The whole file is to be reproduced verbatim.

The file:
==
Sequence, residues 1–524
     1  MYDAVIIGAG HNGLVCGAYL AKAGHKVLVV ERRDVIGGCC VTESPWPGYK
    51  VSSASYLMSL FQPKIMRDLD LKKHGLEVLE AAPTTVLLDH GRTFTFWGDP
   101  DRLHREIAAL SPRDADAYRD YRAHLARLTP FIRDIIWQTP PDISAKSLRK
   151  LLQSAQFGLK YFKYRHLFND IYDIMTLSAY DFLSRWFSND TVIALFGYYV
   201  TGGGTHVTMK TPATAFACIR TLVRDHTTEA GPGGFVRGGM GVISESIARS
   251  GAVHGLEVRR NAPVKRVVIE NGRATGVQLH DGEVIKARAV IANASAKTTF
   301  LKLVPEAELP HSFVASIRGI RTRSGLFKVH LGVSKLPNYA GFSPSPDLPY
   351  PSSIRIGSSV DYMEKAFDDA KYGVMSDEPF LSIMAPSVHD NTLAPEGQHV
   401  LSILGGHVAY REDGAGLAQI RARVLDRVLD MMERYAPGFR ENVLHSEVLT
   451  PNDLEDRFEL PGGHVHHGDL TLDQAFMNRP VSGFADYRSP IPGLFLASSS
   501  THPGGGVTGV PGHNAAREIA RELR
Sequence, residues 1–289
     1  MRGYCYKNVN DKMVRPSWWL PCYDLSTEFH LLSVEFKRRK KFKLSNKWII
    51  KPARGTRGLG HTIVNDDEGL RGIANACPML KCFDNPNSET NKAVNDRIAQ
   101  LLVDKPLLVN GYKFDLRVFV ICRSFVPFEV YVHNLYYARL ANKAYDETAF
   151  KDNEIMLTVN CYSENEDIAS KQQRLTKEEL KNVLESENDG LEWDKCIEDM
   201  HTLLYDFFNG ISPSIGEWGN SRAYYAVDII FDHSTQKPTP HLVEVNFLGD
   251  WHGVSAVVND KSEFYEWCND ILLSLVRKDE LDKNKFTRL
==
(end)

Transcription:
Sequence, residues 1–524
     1  MYDAVIIGAG HNGLVCGAYL AKAGHKVLVV ERRDVIGGCC VTESPWPGYK
    51  VSSASYLMSL FQPKIMRDLD LKKHGLEVLE AAPTTVLLDH GRTFTFWGDP
   101  DRLHREIAAL SPRDADAYRD YRAHLARLTP FIRDIIWQTP PDISAKSLRK
   151  LLQSAQFGLK YFKYRHLFND IYDIMTLSAY DFLSRWFSND TVIALFGYYV
   201  TGGGTHVTMK TPATAFACIR TLVRDHTTEA GPGGFVRGGM GVISESIARS
   251  GAVHGLEVRR NAPVKRVVIE NGRATGVQLH DGEVIKARAV IANASAKTTF
   301  LKLVPEAELP HSFVASIRGI RTRSGLFKVH LGVSKLPNYA GFSPSPDLPY
   351  PSSIRIGSSV DYMEKAFDDA KYGVMSDEPF LSIMAPSVHD NTLAPEGQHV
   401  LSILGGHVAY REDGAGLAQI RARVLDRVLD MMERYAPGFR ENVLHSEVLT
   451  PNDLEDRFEL PGGHVHHGDL TLDQAFMNRP VSGFADYRSP IPGLFLASSS
   501  THPGGGVTGV PGHNAAREIA RELR
Sequence, residues 1–289
     1  MRGYCYKNVN DKMVRPSWWL PCYDLSTEFH LLSVEFKRRK KFKLSNKWII
    51  KPARGTRGLG HTIVNDDEGL RGIANACPML KCFDNPNSET NKAVNDRIAQ
   101  LLVDKPLLVN GYKFDLRVFV ICRSFVPFEV YVHNLYYARL ANKAYDETAF
   151  KDNEIMLTVN CYSENEDIAS KQQRLTKEEL KNVLESENDG LEWDKCIEDM
   201  HTLLYDFFNG ISPSIGEWGN SRAYYAVDII FDHSTQKPTP HLVEVNFLGD
   251  WHGVSAVVND KSEFYEWCND ILLSLVRKDE LDKNKFTRL